Beer and loathingSustained government intervention through MaPaSe has proven to be a worthwhile investment
Lining the streets of Kathmandu around surprise check points every night, breathalyser-wielding officers clad in blue have made their expectation to the Nepali public clear: Drinking and driving will not be tolerated under any circumstances. This was especially clear on New Year’s Eve when the traffic police booked 1,817 motorists for various violations. Officers issued 217 tickets for drunk driving, 189 for violating lane rules, 131 for using pressure horns, 133 for parking haphazardly, 31 to taxi drivers for refusing to use the meter, and the rest to two-wheeler drivers riding without a helmet and those not having their documents in order. On a night that is typically clouded with drunk driving accidents and fatalities, not a single death was reported in the metropolis.
The strict implementation of the traffic police’s anti drunk-driving campaign, popularly known as MaPaSe, has helped significantly to reduce the number of fatal accidents in the Valley. This systematic intervention and the many efforts to sustain the campaign since it began on December 3, 2011 are impressive and have produced tangible differences. In the first year of the campaign, the traffic police booked 39,667 people. Since 2011, the number of critical road injuries has come down 60 percent and the number of fatalities 6 percent
Clearly, the MaPaSe campaign is one of the most successful programmes of the Metropolitan Traffic Police Division. The sustained campaign and diligent prosecution of drunk and reckless drivers have made the roadways safer for all. Because of the traffic police’s strong surveillance, the Valley only saw 31 minor accidents on Monday evening, according to the traffic police. Clearly, this shows that government intervention to ensure safer roads is a worthwhile investment.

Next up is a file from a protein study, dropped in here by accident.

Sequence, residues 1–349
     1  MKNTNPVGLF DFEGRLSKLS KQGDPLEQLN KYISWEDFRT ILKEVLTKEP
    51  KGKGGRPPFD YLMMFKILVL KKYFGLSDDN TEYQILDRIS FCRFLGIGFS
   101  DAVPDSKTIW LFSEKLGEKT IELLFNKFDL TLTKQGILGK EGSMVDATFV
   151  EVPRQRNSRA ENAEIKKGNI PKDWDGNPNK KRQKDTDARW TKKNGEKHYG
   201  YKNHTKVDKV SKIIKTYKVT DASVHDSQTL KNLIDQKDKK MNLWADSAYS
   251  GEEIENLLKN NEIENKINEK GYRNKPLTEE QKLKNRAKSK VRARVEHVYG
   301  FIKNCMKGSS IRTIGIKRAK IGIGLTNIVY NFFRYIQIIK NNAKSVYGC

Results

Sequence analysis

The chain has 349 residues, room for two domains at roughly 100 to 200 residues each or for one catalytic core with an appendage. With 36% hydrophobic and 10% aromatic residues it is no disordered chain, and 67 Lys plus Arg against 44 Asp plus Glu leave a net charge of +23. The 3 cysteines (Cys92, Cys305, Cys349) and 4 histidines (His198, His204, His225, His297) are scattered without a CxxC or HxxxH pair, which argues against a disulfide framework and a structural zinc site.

Over time, auto accidents have become one of the gravest risks to public safety in the country. Reports of road mishaps continue to make headlines at an alarming rate. And it is not only the poor quality of the roads that leads to accidents. Perhaps more important is the behaviour of vehicle owners and drivers. As the MaPaSe rule has shown, people become fearful of the law when the government consistently takes strict action against wayward drivers and those who do not comply with the rules. It has also instilled a sense of responsibility among drivers. With the knowledge of surprise ‘mandatory checks,’ many behind the wheel think twice before ordering alcholic beverages.
But more could be done to support the efforts of the police to sustain their campaign. According to the Metropolitan Traffic Police Division, 80 percent of the breathalysers that are currently being used in the metropolis are not working properly. The traffic police have since claimed that many of the breathalysers they carry do not detect alcohol intake. In Sub-Inspector Siddhi Ganesh Shah’s words, ‘They have just become a showpiece.’
To carry out their duties, many traffic police officers have had to resort to the archaic method: Getting (perhaps too) close and smelling the driver’s breath for any stench of alcohol—an undesirable and unhygienic strategy for both officer and rider. To ensure that officers can continue carrying out their valued efforts, the department should be given the financial resources to acquire more equipment.